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In search of the elusive nonprofit: Part II

In search of the elusive nonprofit: Part II

Homestead AtlantaChapter Two: Wherein The Homestead Atlanta discovers that help is pretty awesome

Something takes over your brain when you decide to start a nonprofit. Whatever gland is responsible for creating to-do lists goes into overdrive and all the parts that work in synchronous harmony to let you sleep soundly decide to take a semi-permanent vacation. Unless you’ve got a degree in it, have done it before, have a team of unbelievably motivated people or have an enviable chunk of money to pay people to take care of all the details, starting a nonprofit from the ground up is kinda intense – I sort of wonder how we have so many of them. Then I wonder if I’m doing something wrong. Then I try and figure out what that could be and how to do it better. Rinse. Repeat. Hence the lack of sleep.

In retrospect, I think I was delightfully and naively unaware of just how much effort that undertaking would require. And so whether by luck or fate or generally good juju, I ended up in a pretty sweet situation: I got a fiscal sponsor. And not just any fiscal sponsor, but a great one with a robust network and a wonderful mission and a super kind and supportive staff. So, within a matter of weeks I went from trying to figure out -how we could keep track of class registration online, what liability expenses would look like, how the money management system would work, if a membership model was a good idea, why I thought this was a good idea in the first place- to being able to focus on the fun parts: curriculum development and marketing. The Homestead Atlanta, cultivated by Georgia Organics. Straight up magic.

So…if you’re at that phase where you have an idea of how to help the community and you are just burning to make it happen but don’t have one of those money/staff/experience/masochistic workaholic streak situations at your disposal, I highly recommend incubating your little nonprofit baby with an established nonprofit. It’s a great way to get off the ground and learn the ropes at the same time. Plus, it gives you the safety net you need to explore what works and what doesn’t to make your idea flourish in your community. It’s not a free pass, of course – in a successful fiscal sponsorship arrangement, you give back to the organization sponsoring you in ways more significant than a financial percentage. The Homestead Atlanta, for example, offers a big boost in membership benefits to existing Georgia Organics members and brings in additional members through our discount pricing structure. So when you’re getting all your ducks in a row to chat with likeminded non-profits with missions similar to yours for a potential fiscal sponsorship arrangement, be sure to think about what you can do for them.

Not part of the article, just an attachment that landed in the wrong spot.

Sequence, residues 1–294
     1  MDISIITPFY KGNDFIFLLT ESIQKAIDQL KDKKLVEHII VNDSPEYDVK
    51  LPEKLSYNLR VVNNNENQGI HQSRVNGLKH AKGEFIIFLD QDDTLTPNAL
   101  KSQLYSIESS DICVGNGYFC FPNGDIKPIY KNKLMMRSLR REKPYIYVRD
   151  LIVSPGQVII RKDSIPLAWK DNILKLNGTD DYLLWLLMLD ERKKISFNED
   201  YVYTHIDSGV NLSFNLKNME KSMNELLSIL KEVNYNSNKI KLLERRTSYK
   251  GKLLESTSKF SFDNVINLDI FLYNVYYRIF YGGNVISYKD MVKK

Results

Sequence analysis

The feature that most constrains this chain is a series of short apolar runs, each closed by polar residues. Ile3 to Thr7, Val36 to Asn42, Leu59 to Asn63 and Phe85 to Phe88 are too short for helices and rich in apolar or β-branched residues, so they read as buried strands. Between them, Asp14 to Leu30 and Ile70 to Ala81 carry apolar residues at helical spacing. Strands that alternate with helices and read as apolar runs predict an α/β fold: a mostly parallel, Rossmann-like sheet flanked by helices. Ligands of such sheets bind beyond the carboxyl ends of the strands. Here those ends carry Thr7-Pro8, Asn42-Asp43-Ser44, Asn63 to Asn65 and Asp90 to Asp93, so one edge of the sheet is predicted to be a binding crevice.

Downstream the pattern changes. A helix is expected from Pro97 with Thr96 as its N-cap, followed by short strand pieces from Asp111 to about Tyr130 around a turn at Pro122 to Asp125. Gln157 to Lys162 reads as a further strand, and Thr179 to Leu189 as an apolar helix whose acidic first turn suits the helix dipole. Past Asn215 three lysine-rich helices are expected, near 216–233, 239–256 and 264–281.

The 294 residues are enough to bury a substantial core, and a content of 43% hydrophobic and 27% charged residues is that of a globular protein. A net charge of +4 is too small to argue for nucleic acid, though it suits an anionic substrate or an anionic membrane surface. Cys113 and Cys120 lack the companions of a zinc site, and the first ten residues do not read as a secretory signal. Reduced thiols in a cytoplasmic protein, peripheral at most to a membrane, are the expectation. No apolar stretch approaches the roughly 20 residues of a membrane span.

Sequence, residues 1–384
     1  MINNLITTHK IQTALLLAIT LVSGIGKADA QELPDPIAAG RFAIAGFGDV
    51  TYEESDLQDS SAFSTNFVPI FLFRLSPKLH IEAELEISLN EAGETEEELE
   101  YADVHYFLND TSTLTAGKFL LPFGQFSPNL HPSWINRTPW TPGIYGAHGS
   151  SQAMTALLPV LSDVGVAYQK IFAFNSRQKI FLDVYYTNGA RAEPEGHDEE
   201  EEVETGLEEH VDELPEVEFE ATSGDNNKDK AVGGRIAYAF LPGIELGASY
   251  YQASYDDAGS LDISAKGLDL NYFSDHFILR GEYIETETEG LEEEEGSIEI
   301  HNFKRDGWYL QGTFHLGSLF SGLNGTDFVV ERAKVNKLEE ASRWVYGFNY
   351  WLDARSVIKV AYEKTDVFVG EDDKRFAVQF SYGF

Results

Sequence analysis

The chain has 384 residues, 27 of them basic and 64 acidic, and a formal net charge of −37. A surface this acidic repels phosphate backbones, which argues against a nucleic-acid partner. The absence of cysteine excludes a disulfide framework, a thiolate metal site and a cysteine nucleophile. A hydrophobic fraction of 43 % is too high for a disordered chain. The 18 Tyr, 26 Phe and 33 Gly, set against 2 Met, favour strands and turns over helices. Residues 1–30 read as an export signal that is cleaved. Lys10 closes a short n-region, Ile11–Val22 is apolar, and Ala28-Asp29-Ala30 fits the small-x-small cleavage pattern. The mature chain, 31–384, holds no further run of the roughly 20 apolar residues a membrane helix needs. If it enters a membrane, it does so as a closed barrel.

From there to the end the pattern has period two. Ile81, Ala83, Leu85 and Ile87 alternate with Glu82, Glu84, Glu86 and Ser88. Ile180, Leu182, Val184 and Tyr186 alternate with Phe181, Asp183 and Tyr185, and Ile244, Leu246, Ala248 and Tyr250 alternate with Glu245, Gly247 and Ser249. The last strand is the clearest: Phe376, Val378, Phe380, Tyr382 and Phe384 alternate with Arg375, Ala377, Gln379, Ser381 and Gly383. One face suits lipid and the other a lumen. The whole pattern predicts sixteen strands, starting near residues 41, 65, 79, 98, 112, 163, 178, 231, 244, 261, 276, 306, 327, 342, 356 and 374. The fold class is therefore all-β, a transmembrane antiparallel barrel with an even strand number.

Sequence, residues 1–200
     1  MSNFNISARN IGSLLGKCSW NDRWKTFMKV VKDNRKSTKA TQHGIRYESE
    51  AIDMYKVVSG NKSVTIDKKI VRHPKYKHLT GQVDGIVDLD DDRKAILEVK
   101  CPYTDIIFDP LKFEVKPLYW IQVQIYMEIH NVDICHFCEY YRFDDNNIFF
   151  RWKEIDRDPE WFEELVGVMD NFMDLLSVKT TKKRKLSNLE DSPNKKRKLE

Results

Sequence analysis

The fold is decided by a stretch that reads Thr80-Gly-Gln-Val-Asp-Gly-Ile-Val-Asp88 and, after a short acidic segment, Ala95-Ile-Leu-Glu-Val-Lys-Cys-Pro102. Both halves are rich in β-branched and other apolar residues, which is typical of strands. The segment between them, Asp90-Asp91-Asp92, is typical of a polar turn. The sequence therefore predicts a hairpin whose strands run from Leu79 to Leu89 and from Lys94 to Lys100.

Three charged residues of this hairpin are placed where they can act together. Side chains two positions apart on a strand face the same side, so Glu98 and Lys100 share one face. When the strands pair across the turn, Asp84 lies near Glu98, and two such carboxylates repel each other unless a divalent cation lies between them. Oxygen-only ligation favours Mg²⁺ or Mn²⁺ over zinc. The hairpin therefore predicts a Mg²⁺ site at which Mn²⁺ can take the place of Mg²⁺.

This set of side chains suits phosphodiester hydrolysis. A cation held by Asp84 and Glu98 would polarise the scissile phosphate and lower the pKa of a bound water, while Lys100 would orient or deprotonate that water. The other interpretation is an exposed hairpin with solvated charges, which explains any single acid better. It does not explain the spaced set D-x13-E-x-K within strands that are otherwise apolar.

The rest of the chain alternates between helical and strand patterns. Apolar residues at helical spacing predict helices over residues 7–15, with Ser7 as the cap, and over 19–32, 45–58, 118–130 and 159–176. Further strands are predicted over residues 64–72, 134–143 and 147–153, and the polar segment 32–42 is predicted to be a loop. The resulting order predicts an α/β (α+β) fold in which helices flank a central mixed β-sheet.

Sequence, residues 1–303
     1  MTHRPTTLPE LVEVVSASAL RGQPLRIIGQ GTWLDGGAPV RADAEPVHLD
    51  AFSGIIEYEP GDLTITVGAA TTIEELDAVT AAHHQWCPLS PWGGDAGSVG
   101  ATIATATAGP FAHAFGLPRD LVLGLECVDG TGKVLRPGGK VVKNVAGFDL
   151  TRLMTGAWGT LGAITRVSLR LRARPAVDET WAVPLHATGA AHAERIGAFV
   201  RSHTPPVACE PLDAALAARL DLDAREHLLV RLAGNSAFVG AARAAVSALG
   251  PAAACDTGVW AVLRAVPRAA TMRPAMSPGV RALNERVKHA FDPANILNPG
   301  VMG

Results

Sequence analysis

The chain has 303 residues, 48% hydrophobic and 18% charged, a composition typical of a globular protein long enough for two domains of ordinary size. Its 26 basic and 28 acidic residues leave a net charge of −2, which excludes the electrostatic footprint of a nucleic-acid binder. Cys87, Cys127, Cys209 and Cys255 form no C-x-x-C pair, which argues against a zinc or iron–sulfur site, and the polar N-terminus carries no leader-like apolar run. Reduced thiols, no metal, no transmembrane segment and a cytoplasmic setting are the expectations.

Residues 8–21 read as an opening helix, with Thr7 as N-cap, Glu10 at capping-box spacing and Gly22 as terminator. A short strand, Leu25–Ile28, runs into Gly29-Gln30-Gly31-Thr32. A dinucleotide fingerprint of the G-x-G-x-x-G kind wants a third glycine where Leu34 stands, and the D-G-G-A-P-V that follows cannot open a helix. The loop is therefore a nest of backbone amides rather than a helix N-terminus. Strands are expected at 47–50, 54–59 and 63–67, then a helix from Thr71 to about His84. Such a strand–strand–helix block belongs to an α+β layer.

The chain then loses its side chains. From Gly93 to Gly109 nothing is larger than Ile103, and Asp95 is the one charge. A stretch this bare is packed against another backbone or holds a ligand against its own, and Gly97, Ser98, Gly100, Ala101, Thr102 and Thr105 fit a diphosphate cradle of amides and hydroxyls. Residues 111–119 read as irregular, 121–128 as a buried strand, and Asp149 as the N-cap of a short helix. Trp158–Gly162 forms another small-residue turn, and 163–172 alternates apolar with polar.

That’s not to say this thing isn’t still an unbelievable amount of hard work – it is – but now I sort of wonder what I was on that made me think I could START a nonprofit from nothing in the timeframe I had laid out for myself. Plus, I get the unique joy of working backward into the hard parts from the fun ones – creating course content and networking with amazing local groups makes learning about online membership management technology and liability insurance much more palatable.

So now it’s a matter of continuing to get the word out and reach different demographics within the city. Soon, if I would like for this to be able to be a full time job that pays a living wage (still balancing this with a mostly full-time copywriting gig), I’ll need to explore funding possibilities. Plus this thing needs a dedicated space for REAL. All the donated locations have been wonderful, and we’ll probably be continuing our satellite location plan for quite some time given our shoestring budget, but next stop on the dream train is a center for The Homestead Atlanta to call home. More updates from further down the line to come!

If you have any questions about The Homestead Atlanta or are curious about my random personal take on the crazy trip of non-profit creation, feel free to reach out at